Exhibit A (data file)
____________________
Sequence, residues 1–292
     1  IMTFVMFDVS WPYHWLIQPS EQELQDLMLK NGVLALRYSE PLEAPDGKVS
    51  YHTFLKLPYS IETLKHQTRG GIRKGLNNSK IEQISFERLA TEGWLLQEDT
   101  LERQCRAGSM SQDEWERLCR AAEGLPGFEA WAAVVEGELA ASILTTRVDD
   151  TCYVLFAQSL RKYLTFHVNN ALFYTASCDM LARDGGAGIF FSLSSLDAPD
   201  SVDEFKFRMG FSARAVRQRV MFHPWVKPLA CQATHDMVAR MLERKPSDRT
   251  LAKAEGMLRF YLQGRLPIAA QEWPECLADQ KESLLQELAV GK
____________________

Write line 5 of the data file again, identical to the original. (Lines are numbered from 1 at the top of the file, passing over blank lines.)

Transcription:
   151  TCYVLFAQSL RKYLTFHVNN ALFYTASCDM LARDGGAGIF FSLSSLDAPD